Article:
We are honored to have the support of
Balcony Press. We first encountered Balcony Press from reading If Cars Could Talk by William Fain. Of course, we loved it. Not only the text, but the book itself was very well crafted. The layout, graphics, and feel of the book was great. We looked up the publisher and found out about Balcony Press. We were happy to discover that they are our neighbor, located in Glendale, CA. And that they have worked to curate quite a fine book list of publications all about art, architecture, and design. In addition to sponsoring the festival, Balcony Press will be at the festival with a pop-up bookstore. Be prepared to expand your bookshelf!
Introduction by Margo Stipe
Frank Lloyd Wright: The Romantic Spirit
In Frank Lloyd Wright: The Romantic Spirit, Carol Bishop’s paintings and photographs capture both the radiant energy and the ephemeral quality of Wright’s architecture. Bishop’s work also reveals how Wright’s architecture inspires thoughts and feelings about the harmony between nature and humanity.
The skyscraper, whatever it may be as physical fact, looms large in our lives and as a figment of our imaginations carries with it ideas of wealth, ambition, and dominance. The image of the skyscraper has been made and remade in the news, in literature and film, and now in all forms of our now global media. Paradoxically, as the building type continues to become more complex and is designed to address fundamentally different cultural conditions, the image, that is to say, the idea, of the skyscraper in the public mind seems to become simpler, more omnipresent, and more consumable. Building Tall explores what the skyscraper evokes in us as a curious and complex technical achievement and also as a powerful image that has inspired artists for over 100 years. Johnson’s readable text and his intimate knowledge of tall building brings the skyscraper to life both technically and emotionally. Numerous rarely seen images of landmarks of architecture make this book a visual treat.
This compact and lovely sketch book was created by architect Bill Fain while on a six-month Fellowship at the American Academy in Rome. Exploring the city on bicycle and eventually the countryside of Italy, he created in colored pencil this, his 41st sketchbook. The sketches start out modestly, small with a single method, and become more developed later on as the momentum of discovery built through the course of the journey. Readers will experience the same sense of discovery as they peruse the pages to find their favorite scene. This book is about growing and experiencing the glories of life; about the passion to know about those that have gone before; about the luxury of time, and setting some of it aside to reflect and to let the other side of the brain take charge, where instinct and intuition reside.
Photography by Troy Fuss
CRUISING LA: Architectural Styles in 5 Easy Drives
Inevitably, all visitors to Los Angeles discover that the automobile defines the L.A. experience. Unlike in New York or London, for instance, where complex networks of subways and buses provide access to nearly all points of interest throughout the city, in Los Angeles one must rely on one’s own navigation and driving skills to get from point to point. Thus, more often than not, visitors to Los Angeles spend much of their time in the city’s often-frustrating vast freeway system, away from the ground and the most endearing aspects of the place. Cruising L.A., the first driver’s companion guidebook to Los Angeles, replaces the frustration that is unique to touring L.A. with an expertly guided five-day driving route that exposes one to the most scenic neighborhoods Los Angeles has to offer, revealing the culture, architecture, and stunning landscape features that comprise the draw that brings so many visitors to L.A. to begin with.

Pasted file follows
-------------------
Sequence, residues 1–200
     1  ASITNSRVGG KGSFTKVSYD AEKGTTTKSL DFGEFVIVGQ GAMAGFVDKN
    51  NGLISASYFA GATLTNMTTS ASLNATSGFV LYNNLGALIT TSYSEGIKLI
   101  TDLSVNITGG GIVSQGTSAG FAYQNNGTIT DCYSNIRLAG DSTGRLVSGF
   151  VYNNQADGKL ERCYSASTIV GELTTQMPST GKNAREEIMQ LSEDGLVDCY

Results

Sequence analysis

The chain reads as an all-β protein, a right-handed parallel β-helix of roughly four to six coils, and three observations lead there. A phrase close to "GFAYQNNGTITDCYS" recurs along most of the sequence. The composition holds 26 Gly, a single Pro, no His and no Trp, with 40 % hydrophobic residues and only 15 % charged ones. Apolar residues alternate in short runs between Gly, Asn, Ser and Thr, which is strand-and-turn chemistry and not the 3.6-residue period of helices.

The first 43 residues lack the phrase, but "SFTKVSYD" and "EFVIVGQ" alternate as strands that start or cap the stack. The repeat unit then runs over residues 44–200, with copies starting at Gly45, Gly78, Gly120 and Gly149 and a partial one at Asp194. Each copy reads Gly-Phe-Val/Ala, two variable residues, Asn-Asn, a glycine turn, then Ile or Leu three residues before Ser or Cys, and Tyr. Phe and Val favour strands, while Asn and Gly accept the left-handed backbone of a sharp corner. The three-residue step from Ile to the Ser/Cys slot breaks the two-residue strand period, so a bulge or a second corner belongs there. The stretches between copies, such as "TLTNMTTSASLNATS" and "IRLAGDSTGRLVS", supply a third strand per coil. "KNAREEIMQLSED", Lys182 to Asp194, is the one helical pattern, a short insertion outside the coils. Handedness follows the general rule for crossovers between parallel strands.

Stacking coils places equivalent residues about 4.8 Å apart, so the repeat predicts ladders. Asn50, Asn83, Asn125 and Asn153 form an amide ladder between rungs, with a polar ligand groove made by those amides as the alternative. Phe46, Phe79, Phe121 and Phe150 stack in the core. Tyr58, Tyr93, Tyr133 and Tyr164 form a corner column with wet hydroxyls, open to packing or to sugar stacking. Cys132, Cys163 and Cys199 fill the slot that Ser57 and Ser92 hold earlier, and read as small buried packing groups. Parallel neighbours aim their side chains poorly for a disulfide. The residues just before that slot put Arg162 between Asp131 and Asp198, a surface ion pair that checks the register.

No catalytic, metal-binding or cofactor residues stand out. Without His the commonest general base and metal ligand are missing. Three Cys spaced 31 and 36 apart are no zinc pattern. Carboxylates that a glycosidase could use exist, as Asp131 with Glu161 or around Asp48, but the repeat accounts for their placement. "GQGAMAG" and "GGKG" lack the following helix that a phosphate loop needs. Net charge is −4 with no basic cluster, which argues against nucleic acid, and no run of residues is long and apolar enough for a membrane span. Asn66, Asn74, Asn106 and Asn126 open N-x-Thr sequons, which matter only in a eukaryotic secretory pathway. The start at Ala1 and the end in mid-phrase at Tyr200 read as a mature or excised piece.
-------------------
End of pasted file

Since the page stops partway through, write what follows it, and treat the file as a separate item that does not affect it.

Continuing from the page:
This elegant book chronicles the efforts of the impressive team of international architects, designers and retailers who created Los Angeles’ famed Art Deco masterpiece.
Original Pub Date 1996
Introduction by David Gebhard
KESLING MODERN STRUCTURES: Popularizing Modern Design in Southern California 1934-1962
Beginning in November 1935, William Kesling was Southern California’s most prolific and successful practitioner of Streamline Moderne design, then called Modernistic. With never before published photographs by Julius Shulman, this book is the first exploration of the work of an important yet little-known player in Southern California’s fertile modern movement.
by Scott Johnson
THE BIG IDEA: Criticality and Practice in Contemporary Architectures
In this engaging memoir from the design partner of award-winning Los Angeles architecture firm Johnson Fain, the author shares his personal experiences as a designer on the rise in the latter half of the twentieth century as he considers the last forty years of the relationship between practice and theory in American architecture. From his childhood days in California’s Salinas Valley to his tenure with legendary architect Philip Johnson to his time with Skidmore, Owings & Merrill to the formation of his own firm and its rise toward the top of the architectural firmament, Johnson’s unique insight makes for a fascinating discussion of each of the major movements that have characterized the world of architecture since Modernism.